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How does Payment on Account work?

  • 2 min read
  • Last updated 28 Mar 2024

Payment on Account means that you pay tax in two instalments:

It’s usually the self-employed (and very rarely landlords) who have to use Payment on Account.

If you’ve already paid more than 80% of your tax bill by January, don’t worry about Payments on Account. You won’t be charged again in July.

Why is my first Payment on Account so high?

Basically, in your first year, you have to pay 150% of your tax bill in one go.

For example:

  1. Your tax bill for 2024/25 is £5,000
  2. You’ll need to pay this in full by January 31st 2026
  3. You also need to pay an additional advance payment of £2,500 (50% of £5,000) at the same time
  4. You have to pay another £2,500 by July 31st 2027

What if my income is smaller next year?

You can ask the HMRC to reduce your payment.


However, we recommend you pay the Payment on Account as it is.

If your profits are indeed down, then HMRC will refund you the difference.

What if my income is higher next year?

You will be required to make a balancing payment by January 31st next year so your account is up to date.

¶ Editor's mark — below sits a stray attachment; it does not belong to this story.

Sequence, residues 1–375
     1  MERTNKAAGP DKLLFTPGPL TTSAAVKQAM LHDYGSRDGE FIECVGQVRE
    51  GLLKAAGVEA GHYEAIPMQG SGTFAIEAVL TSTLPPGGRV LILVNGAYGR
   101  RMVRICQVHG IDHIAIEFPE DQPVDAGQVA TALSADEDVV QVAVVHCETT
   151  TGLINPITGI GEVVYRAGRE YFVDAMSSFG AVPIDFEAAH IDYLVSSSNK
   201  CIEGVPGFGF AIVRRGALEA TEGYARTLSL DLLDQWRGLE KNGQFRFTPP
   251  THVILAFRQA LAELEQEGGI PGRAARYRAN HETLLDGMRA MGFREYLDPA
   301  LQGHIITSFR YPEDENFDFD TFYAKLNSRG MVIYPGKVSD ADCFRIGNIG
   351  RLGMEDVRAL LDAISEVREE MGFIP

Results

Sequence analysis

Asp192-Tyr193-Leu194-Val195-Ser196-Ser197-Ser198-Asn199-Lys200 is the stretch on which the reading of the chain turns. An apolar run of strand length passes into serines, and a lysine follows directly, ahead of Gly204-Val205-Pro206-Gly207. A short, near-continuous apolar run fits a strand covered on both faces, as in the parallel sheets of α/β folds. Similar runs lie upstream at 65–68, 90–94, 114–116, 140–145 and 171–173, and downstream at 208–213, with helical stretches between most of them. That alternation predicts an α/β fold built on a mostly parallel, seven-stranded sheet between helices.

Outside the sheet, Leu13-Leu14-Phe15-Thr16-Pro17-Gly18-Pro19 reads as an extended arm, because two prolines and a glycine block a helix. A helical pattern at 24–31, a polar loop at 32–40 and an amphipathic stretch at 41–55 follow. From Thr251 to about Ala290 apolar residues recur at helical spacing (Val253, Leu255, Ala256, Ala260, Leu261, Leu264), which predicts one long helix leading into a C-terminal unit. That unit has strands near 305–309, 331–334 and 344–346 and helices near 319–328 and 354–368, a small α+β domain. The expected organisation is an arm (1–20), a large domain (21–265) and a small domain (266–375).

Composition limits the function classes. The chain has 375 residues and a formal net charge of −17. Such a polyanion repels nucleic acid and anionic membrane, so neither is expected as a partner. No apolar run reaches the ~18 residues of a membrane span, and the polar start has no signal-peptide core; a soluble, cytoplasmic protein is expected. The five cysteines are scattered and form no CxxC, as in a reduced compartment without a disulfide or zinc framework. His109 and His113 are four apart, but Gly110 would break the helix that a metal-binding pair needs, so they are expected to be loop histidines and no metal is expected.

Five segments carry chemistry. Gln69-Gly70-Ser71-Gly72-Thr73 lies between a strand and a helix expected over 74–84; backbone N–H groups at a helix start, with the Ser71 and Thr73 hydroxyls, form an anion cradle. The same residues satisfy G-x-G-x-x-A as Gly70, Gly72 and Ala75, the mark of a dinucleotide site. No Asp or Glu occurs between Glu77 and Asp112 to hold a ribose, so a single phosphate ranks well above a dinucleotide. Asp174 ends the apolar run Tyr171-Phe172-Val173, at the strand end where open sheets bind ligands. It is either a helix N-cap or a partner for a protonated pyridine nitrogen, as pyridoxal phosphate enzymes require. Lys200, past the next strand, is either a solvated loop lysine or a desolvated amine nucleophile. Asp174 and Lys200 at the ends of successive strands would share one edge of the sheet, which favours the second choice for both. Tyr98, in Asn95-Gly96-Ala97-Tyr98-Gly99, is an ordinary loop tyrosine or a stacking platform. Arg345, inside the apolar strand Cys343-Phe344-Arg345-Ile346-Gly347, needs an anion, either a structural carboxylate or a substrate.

How to check what to pay

Log in to your online account and click “View statements”.

You can find information on:

  • payments you’ve made already
  • your next payments.

Is it optional?


Once you submit your Self Assessment tax return, you are automatically enrolled in it.

The only exceptions:

  • You’ve already paid 80% or more of the total tax amount you owe (for example, through PAYE)
  • Your tax bill from Self Assessment was under £1,000.

If you don’t pay tax through PAYE, you’re self-employed and your tax bill is more than £1,000, you’ll have to pay tax again in July.

Here’s a visual guide to help you understand a little better.

what is payment on account
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